What is the ideal structure for a tutoring class?
It is very tempting to go to your student’s house without any preparation, but it is likely that you will be fired at the end of your probationary time …
The Roman proverb Si vis pacem, para bellum (“If you want peace, prepare for war”), can be extrapolated to school support. There are no swords or phalanxes, but materials for class and adapted exercises. A teacher never gives a master class without having seriously prepared it; you must do the same.
Now, what is the ideal structure of tutoring classes ? An effective particular case revolves around six golden rules: What is the ideal structure for a tutoring class?
Identifying the student’s needs;
The determination of the objectives;
The elaboration of an individualized program;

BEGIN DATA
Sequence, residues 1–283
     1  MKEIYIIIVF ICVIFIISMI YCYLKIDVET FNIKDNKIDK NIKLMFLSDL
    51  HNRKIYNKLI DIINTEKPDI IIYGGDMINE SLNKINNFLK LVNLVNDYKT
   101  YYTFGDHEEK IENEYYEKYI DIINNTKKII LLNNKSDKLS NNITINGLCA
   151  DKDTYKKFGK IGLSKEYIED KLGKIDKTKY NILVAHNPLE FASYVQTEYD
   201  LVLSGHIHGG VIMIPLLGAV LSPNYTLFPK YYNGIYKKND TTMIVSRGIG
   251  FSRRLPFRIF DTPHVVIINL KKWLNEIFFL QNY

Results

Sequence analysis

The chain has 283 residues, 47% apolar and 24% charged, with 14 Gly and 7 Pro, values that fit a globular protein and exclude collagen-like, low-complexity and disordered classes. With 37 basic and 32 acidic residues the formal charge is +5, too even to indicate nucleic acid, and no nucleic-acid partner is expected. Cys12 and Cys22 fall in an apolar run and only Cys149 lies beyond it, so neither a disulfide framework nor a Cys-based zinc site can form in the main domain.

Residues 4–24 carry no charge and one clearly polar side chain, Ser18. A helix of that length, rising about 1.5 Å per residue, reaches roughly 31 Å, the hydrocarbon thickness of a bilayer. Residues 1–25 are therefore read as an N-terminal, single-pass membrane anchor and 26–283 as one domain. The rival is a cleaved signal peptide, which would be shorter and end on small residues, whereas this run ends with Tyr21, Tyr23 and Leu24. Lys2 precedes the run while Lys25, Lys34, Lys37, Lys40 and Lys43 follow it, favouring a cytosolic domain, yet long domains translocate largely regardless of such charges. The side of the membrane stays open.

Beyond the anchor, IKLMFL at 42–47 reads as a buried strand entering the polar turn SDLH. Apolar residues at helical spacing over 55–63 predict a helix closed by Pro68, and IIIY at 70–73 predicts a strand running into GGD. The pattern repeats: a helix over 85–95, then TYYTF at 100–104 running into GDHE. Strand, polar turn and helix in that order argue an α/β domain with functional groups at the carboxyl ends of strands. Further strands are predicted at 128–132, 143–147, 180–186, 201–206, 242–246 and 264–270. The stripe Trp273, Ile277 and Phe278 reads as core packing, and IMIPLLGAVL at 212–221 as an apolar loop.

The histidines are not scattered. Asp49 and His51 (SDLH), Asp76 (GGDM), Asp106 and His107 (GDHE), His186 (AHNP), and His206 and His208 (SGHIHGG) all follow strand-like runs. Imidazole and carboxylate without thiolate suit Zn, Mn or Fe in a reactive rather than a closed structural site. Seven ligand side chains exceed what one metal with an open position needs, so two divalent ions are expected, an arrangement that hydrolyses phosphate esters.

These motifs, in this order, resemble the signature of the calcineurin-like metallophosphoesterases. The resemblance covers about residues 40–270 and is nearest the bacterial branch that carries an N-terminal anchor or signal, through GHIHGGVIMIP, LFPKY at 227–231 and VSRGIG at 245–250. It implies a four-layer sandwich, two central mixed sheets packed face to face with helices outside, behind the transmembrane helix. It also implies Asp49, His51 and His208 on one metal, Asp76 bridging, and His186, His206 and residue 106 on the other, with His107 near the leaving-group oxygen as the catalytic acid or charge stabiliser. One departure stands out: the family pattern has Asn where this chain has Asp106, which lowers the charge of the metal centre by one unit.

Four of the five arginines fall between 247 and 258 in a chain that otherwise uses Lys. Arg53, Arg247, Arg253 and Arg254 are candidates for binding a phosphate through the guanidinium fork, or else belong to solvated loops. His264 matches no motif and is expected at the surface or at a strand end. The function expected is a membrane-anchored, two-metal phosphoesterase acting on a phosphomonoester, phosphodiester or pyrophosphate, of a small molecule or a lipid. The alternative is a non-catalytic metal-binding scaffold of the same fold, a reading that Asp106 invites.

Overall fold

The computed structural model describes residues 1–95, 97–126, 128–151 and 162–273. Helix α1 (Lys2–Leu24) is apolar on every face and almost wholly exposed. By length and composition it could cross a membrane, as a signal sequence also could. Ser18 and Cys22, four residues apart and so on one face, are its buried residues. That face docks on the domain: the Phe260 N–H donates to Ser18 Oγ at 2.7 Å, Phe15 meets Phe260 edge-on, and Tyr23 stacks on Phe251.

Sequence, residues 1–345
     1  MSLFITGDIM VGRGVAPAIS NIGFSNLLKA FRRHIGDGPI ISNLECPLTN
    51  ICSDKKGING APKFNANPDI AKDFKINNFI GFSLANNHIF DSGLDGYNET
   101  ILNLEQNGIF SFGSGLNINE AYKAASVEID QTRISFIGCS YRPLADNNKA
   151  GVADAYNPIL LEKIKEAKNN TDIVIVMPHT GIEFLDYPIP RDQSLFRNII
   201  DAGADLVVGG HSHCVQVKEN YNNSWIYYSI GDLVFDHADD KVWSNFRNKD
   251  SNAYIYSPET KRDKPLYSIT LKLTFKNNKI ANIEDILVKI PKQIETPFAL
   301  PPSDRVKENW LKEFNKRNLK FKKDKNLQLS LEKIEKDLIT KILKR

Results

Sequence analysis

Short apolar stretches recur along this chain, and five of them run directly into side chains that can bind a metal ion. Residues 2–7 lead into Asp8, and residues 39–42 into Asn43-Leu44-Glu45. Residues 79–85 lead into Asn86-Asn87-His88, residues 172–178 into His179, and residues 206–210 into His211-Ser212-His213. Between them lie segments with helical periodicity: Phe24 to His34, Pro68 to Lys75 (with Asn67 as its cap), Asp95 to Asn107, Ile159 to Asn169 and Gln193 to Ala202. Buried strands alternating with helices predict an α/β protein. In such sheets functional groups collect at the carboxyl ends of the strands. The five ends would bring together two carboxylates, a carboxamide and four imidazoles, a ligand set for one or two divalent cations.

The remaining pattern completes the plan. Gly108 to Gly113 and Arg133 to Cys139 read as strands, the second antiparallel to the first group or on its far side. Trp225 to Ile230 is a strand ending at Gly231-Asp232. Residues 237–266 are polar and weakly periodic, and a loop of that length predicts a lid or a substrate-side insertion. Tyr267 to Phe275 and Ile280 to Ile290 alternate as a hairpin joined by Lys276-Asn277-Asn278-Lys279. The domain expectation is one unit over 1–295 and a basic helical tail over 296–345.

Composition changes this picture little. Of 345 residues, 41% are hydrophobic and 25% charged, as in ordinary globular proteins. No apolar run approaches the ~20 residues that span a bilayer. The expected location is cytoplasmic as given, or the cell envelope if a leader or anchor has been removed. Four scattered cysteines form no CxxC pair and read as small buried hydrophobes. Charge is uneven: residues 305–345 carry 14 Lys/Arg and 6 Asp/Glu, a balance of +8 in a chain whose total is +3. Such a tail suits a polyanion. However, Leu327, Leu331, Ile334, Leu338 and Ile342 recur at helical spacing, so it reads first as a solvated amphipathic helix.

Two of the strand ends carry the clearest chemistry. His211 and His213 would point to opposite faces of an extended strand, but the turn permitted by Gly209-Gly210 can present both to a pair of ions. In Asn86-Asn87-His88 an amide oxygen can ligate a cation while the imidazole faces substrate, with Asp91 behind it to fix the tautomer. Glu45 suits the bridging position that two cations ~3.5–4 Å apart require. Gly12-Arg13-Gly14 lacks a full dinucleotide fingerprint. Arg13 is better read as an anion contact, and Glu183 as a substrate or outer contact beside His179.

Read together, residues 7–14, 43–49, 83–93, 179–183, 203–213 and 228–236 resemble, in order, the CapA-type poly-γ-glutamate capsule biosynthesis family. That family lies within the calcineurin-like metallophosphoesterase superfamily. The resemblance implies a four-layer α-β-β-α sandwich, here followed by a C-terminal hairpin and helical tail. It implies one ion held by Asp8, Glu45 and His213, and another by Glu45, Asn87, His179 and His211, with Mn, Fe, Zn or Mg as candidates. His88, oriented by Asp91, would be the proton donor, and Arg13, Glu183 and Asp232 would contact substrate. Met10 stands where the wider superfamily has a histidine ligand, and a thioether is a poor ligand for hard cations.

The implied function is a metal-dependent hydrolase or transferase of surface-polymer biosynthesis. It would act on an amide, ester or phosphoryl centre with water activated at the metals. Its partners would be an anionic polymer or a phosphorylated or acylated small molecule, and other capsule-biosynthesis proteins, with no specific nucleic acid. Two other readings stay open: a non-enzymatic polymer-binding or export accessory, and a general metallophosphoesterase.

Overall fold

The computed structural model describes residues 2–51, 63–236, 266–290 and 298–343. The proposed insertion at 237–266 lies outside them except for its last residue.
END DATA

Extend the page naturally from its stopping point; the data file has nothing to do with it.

The consolidation of knowledge through an interactive dialogue;
The reward for the effort;
Analysis of the results.
School support is very useful to prepare for exams.
These general laws apply to practically all types of school support, whether they are intensive courses, language classes, remedial classes, e-learning …
A good diagnosis saves time and achieves a successful result. The first class is very important, since it is necessary to evaluate the level of the student and establish the objectives of the school revision classes . Parents will have to participate in this last point. This step should be carried out with tact, so as not to go against the student or their parents.
Keep in mind that the student’s confidence is an essential requirement for progress. Human qualities are very important in the process. If you put a tailor-made study program into practice, you will stand out as a teacher.
Proposing varied supports, if possible with a playful nature (especially for the little ones), will make a good impression on the family. And the student will be more motivated.
In the same way, it is essential to emphasize the strengths and effort of the student. School support must not reproduce the austerity and seriousness that often prevail in conventional classrooms.